HC Deb 14 November 1950 vol 480 cc146-7W
Mr. E. Fletcher

asked the Secretary of State for Foreign Affairs if his attention has been drawn to a statement in the judgment of the French Tribunal, Civil de la Seine, in the case of de Morinni versus Enregistrement, citing as one of the reasons for its adverse decision, a letter from His Majesty's Ambassador in Paris of 18th October, 1946, in which it was stated that it was not the intention of His Majesty's Government to contest the opinion of the French Government that the Treaty of 1882 does not exempt British subjects from the Impôt de Solidarite; and whether he will make it clear that no agreed interpretation of the Treaty exists between the British and French Governments to the effect that British subjects are not exempt from this tax.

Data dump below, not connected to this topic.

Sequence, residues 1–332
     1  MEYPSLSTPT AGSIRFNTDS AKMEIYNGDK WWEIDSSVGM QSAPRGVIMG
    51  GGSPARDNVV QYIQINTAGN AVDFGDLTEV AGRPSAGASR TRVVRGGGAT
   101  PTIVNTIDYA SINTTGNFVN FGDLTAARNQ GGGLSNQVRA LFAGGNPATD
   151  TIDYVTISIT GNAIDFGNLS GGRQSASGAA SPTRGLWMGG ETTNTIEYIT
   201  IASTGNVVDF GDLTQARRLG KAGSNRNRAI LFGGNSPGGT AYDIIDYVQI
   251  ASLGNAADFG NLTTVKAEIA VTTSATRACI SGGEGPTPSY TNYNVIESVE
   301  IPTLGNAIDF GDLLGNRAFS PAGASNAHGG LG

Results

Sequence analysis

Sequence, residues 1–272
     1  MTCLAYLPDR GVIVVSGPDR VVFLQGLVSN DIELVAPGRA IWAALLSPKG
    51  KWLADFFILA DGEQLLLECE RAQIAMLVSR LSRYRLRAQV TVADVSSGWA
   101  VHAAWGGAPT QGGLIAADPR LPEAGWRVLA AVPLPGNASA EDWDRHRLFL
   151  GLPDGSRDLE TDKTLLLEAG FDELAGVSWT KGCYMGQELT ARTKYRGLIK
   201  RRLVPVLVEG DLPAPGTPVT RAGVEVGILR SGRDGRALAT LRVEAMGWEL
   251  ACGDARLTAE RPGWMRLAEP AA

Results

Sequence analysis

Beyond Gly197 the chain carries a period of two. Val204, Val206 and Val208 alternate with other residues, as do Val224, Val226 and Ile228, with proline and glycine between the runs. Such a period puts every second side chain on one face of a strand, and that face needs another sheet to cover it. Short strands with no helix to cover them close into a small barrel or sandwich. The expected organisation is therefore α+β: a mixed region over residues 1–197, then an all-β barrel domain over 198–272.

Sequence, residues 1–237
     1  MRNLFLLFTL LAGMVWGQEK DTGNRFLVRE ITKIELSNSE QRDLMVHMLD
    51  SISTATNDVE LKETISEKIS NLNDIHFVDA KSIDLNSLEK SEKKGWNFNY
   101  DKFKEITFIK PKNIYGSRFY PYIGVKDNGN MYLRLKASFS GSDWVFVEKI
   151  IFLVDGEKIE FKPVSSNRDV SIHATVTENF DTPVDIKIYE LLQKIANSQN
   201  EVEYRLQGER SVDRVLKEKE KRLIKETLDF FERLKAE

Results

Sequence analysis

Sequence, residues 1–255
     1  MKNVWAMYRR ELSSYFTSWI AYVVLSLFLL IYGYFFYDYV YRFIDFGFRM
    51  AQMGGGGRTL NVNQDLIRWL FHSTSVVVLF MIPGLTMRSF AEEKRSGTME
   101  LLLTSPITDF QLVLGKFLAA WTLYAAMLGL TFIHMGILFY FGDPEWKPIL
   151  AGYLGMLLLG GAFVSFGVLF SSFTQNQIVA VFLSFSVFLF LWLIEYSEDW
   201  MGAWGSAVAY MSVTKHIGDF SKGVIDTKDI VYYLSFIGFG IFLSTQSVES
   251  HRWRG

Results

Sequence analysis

Mr. Ernest Davies

His Majesty's Government have refrained from invoking the Treaty of 1882 as a matter of policy. For this reason they have not found it necessary to contest the interpretation of the French Government, to the effect that the Treaty does not exempt British subjects from the tax in question. It does not follow from this that an agreed interpretation exists; such, in fact is not the case. I understand that this matter is the subject of litigation in the French courts. It appears to His Majesty's Government that the interpretation put by the French Tribunal on the letter of 18th October, 1946, from His Majesty's Embassy to the French Ministry for Foreign Affairs, may have prejudiced the claims of British subjects to this exemption.